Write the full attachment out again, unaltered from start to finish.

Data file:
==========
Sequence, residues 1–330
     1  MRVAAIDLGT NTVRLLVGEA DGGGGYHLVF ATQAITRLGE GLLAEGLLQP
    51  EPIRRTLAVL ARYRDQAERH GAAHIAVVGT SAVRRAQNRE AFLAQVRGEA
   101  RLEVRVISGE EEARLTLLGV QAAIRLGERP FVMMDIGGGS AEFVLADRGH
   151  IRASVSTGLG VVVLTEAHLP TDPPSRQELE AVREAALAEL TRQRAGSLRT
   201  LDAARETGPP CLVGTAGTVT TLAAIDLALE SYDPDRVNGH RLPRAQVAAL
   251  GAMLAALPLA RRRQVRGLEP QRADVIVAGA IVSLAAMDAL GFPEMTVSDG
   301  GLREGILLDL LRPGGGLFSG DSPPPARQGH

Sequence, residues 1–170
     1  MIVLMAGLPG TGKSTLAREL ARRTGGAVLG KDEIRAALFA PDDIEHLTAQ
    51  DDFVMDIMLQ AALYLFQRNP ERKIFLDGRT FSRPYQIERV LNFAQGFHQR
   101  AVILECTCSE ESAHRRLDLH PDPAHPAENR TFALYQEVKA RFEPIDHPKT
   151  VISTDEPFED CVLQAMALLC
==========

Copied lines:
Sequence, residues 1–330
     1  MRVAAIDLGT NTVRLLVGEA DGGGGYHLVF ATQAITRLGE GLLAEGLLQP
    51  EPIRRTLAVL ARYRDQAERH GAAHIAVVGT SAVRRAQNRE AFLAQVRGEA
   101  RLEVRVISGE EEARLTLLGV QAAIRLGERP FVMMDIGGGS AEFVLADRGH
   151  IRASVSTGLG VVVLTEAHLP TDPPSRQELE AVREAALAEL TRQRAGSLRT
   201  LDAARETGPP CLVGTAGTVT TLAAIDLALE SYDPDRVNGH RLPRAQVAAL
   251  GAMLAALPLA RRRQVRGLEP QRADVIVAGA IVSLAAMDAL GFPEMTVSDG
   301  GLREGILLDL LRPGGGLFSG DSPPPARQGH

Sequence, residues 1–170
     1  MIVLMAGLPG TGKSTLAREL ARRTGGAVLG KDEIRAALFA PDDIEHLTAQ
    51  DDFVMDIMLQ AALYLFQRNP ERKIFLDGRT FSRPYQIERV LNFAQGFHQR
   101  AVILECTCSE ESAHRRLDLH PDPAHPAENR TFALYQEVKA RFEPIDHPKT
   151  VISTDEPFED CVLQAMALLC